What is ‘Phygital’ fashion?
A portmanteau of ‘physical’ and ‘digital’, this new buzzword may forever alter our experience of fashion
If you were to go through the recent presentations at the Fashion Design Council of India (FDCI) and Lakmé Fashion Week, you would find a new word: “phygital". A portmanteau of the words “physical" and “digital", it’s a clue to what’s in store for Indian fashion amidst the pandemic, when ramp shows aren’t an option.
The FDCI is billing its India Couture Week, scheduled for this month, as a phygital event: “India’s First Ever Digital Fashion Week". In August, the Lakmé Fashion Week is organizing a “Virtual Showroom"—a platform for designers and artisans to showcase their collections for business—without charging a fee. Around the world, virtual shows have become the norm during fashion weeks, such as the one in Shanghai (in March) or the London Fashion Week (12-14 June).
The word “phygital" was perhaps first used in fashion recently at Ermenegildo Zegna’s24 April announcement about its Spring/Summer 2021 show, scheduled for 17 July. This will be presented in a new digital format, with technological cinematography and real models.
“For India Couture Week, the idea of a phygital fashion week translates to the designers’ collections showcased with or without the help of models—depending on the covid-19 circumstances—for a digital audience. Similarly, we want to showcase their booths on a digital platform. The intention behind both these mediums is to still be able to conduct business, but the experiential aspect for our audiences, consumers and buyers will be different," says Sunil Sethi, chairman, FDCI.
In retail, this could translate to new ways of experiencing merchandise. Jaspreet Chandok, head of lifestyle businesses at IMG Reliance, says: “On an average, a best-case estimate is that 25-30% of all brick-and-mortar retail stores will shut in the country. To make up for those lost sales, the easiest way will be to set up e-commerce presence and strengthen that."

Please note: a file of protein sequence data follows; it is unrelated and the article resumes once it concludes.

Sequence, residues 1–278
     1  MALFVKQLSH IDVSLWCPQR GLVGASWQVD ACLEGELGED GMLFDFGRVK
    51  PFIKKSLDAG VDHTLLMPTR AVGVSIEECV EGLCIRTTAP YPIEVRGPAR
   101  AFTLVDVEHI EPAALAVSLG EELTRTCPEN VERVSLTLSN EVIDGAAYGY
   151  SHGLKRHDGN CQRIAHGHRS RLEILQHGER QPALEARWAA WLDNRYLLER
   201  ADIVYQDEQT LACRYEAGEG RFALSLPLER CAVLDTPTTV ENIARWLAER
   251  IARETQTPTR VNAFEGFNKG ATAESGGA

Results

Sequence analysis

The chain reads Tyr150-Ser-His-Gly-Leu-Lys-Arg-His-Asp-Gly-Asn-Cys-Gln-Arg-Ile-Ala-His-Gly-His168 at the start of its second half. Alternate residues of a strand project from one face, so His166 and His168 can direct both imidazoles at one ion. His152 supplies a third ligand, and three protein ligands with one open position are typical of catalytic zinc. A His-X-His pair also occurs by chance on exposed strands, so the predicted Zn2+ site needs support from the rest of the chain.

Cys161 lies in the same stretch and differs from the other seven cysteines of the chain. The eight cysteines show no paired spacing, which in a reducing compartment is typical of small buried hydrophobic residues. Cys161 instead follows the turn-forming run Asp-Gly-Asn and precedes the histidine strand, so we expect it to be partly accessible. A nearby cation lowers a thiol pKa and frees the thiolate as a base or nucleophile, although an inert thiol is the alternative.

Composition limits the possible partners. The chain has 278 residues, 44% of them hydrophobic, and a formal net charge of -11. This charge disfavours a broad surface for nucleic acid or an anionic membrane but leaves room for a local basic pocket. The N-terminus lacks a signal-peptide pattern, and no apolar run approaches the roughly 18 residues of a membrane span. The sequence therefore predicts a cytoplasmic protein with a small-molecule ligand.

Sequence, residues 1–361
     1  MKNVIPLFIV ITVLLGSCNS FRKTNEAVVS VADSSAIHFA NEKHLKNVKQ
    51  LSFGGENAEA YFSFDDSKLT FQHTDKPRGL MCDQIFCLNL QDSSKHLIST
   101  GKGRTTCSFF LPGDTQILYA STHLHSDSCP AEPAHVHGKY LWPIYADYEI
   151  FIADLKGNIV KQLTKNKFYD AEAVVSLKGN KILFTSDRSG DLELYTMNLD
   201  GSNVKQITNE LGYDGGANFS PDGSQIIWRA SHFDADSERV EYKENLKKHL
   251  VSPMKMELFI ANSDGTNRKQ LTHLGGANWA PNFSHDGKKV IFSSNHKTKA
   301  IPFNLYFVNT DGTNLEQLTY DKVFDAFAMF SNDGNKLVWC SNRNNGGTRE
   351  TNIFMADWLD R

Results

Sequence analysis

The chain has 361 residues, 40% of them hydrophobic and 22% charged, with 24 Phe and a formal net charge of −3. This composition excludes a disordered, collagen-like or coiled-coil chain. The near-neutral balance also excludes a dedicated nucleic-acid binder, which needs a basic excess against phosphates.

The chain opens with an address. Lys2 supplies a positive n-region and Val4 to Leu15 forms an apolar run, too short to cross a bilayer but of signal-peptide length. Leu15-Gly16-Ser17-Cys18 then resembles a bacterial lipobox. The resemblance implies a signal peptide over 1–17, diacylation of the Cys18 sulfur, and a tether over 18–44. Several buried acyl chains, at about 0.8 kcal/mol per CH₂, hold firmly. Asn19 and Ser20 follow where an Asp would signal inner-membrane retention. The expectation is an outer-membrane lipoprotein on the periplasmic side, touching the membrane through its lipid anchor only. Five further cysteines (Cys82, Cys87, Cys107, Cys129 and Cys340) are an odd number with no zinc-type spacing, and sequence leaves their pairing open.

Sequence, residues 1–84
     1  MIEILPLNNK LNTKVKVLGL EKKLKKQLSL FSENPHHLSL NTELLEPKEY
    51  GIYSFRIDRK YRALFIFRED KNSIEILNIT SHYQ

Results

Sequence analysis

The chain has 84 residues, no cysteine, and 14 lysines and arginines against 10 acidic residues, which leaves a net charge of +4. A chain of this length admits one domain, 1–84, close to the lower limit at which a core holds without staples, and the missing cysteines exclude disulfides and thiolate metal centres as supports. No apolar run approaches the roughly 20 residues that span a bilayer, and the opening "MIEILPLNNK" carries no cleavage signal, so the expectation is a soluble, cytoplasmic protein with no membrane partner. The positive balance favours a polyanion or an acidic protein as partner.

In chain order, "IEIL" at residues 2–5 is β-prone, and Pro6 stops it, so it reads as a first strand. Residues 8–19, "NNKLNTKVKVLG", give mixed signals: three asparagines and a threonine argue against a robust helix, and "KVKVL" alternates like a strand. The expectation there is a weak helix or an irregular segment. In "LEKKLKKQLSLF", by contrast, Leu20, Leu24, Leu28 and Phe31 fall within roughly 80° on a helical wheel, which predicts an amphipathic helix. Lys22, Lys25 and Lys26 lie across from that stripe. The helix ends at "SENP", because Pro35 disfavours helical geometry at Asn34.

Chandok believes this will result in a change in physical as well as digital touchpoints between consumers and retailers. “The customer experience will also move to a digital space, even in physical stores, through technology, such as trying on clothes via a digital mirror. You can stand in front of the mirror and the mirror screen will place the clothes on your reflection because people might not want to try on clothes."
Chandok says some other options—such as e-commerce inventories shifting from centralized warehouses to stores, and orders being mapped to the city you are in and then delivered—have been around for a while though they have not been used actively.
Some Indian retailers, such as BESTSELLER, are also using the portmanteau term to describe a new consumer experience that combines the brick-and-mortar stores and e-commerce platforms.
The big concern, however, is whether the digital mode will be able to match up to the physical, tactile experienceof fashion and clothes. While social media has democratized fashion, and even fashion weeks, to a large extent, phygital could turn fashion’s insular bubble on its head by introducing an inclusive, level playing field.
Even though the idea of a phygital show or store might sound simple, it is anything but. As Sethi says: “We are trying to develop technology that will capture the visuals of the clothes and designs in as detailed a way as possible. So this isn’t a frugal alternative to real fashion shows."
Of course, consumers and fashion buyers may still want to buy clothes after having touched, felt or tried them—the “preferred old-school way", as Sethi describes it. But the times call for a change, he says.
Chandok, in fact, believes phygital models will survive the return of fashion weeks to the original format. “Fashion weeks will also have digital programming in the future rather than purely physical experiences. These two aspects will be layered," he says.